Finnish handset maker Nokia (NYSE:NOK) announced on Thursday that it had turned a profit during the fourth quarter, but it would suspend dividend payments this year.
Investors didn’t like the news, sending Nokia shares down almost 8% in Thursday morning trading.
This marks the first year since 1989 that Nokia won’t pay a dividend. Last year, the company distributed $987 million in dividends even though it was facing steep losses, The Wall Street Journal noted.
Suspending dividend payments will help increase Nokia’s cash reserves, which totaled about $5.8 billion at the end of last year.
During the fourth quarter, Nokia posted earnings of $269 million, compared to the $1.4 billion loss it recorded during the same period in the prior year. That snapped a series of six consecutive quarterly losses.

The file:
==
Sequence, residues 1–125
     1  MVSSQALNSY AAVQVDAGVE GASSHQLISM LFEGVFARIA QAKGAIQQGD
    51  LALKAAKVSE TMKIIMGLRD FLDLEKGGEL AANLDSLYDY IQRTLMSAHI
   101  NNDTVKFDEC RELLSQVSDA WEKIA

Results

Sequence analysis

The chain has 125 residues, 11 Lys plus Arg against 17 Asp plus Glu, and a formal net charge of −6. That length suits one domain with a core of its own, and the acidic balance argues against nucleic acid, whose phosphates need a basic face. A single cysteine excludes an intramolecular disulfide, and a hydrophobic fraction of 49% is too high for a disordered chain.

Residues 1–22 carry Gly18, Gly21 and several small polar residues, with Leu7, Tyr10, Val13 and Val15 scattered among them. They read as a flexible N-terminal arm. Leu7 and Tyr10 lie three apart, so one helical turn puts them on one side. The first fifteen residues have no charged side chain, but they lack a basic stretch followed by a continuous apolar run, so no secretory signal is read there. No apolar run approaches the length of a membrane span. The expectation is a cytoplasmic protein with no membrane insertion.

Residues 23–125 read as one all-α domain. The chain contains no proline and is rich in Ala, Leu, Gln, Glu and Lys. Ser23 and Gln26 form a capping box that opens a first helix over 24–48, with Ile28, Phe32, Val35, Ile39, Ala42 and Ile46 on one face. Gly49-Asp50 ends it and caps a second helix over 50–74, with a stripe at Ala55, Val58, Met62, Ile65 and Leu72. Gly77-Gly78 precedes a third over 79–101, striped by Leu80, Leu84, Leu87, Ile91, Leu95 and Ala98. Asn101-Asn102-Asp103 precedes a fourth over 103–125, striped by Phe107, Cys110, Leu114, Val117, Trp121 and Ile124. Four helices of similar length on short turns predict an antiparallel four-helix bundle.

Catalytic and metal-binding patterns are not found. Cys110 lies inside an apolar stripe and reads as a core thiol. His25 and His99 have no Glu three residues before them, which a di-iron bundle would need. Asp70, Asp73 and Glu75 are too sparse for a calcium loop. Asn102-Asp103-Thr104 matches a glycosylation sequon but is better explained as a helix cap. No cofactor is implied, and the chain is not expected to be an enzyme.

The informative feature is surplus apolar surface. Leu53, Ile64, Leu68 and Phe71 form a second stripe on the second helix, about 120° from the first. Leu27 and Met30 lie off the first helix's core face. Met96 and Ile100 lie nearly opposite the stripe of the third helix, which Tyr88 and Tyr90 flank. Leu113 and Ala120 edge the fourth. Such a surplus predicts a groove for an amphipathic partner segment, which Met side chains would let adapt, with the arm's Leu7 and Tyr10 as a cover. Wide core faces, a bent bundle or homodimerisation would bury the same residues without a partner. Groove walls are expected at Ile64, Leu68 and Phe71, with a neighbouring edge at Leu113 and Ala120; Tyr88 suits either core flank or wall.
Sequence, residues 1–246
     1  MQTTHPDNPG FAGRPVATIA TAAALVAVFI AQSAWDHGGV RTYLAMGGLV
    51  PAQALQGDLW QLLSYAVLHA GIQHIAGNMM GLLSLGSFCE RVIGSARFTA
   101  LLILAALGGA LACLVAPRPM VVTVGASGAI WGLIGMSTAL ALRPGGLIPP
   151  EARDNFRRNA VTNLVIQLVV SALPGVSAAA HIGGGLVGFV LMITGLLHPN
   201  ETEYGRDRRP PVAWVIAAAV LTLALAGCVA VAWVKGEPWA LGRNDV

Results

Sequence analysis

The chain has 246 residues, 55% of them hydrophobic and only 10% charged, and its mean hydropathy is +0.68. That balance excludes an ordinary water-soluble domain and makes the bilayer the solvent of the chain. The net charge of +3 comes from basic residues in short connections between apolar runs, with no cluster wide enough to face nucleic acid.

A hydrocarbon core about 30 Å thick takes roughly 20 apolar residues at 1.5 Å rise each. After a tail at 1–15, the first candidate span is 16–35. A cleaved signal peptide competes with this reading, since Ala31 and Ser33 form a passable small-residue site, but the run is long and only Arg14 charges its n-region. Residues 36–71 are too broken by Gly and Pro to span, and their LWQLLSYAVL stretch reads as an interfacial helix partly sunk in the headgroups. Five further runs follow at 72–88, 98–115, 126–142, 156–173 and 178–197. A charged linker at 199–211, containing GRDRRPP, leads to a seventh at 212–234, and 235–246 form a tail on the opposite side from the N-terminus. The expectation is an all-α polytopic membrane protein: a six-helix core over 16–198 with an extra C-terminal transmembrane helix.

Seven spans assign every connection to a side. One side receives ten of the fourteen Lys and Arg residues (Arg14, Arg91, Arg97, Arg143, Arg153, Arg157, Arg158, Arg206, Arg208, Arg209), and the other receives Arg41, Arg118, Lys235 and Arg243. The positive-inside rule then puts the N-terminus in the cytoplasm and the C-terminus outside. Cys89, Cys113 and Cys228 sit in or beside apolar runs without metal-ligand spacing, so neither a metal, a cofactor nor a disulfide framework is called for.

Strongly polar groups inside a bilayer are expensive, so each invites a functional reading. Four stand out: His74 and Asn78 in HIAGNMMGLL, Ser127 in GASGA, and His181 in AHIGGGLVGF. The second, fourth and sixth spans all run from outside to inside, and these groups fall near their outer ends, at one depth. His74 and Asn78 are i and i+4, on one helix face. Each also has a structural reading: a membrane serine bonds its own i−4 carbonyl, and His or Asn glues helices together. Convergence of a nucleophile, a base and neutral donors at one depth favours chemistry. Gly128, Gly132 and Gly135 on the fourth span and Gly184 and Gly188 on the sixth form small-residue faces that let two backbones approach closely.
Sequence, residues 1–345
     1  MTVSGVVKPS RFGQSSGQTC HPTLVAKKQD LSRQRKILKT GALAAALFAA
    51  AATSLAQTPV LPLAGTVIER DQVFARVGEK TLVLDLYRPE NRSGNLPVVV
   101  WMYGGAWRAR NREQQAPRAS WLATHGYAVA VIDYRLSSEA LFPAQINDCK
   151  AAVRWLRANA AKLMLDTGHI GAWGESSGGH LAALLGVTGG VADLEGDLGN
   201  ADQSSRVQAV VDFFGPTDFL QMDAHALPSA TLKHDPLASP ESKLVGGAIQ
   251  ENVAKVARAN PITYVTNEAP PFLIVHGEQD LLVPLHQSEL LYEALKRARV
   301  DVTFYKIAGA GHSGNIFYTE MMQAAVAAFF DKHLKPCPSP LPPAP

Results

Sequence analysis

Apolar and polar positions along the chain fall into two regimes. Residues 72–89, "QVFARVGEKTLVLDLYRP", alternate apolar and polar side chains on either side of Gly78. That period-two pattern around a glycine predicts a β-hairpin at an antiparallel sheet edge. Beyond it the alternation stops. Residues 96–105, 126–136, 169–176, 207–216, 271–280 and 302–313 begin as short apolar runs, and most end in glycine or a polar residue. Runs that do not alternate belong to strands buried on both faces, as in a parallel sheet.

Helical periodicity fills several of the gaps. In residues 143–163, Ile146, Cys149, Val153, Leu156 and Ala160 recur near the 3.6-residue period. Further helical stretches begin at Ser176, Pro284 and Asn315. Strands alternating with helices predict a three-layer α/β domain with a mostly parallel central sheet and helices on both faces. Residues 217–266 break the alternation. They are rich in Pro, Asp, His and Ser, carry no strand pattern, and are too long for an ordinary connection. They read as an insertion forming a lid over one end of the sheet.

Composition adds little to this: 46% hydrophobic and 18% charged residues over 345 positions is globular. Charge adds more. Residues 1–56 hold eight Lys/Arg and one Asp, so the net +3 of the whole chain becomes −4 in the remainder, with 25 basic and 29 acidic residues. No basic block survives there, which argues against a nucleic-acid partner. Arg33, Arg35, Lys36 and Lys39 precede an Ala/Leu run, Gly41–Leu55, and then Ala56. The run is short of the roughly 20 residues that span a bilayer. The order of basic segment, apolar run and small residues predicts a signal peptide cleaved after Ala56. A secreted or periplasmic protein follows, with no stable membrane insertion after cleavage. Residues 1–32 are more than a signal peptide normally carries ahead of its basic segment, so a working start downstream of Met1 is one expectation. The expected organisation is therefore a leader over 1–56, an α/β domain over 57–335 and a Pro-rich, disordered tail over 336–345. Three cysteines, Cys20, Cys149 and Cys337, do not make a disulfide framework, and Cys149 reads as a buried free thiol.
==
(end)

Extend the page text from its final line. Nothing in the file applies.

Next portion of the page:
However, the company posted an annual loss of $4.14 billion, more than double the $1.5 billion it lost in 2011.
Nokia’s fortunes have been boosted by strong sales of its Lumia line of smartphones running Microsoft’s (NASDAQ:MSFT) Windows Phone operating system.
Once the cell-phone market leader, Nokia sales tumbled in the face of competition from Apple‘s (NASDAQ:AAPL) iPhone and smartphones running Google‘s (NASDAQ:GOOG) Android operating system. Nokia has lately been engaged in a frantic program of asset sales and payroll cuts to lower expenses.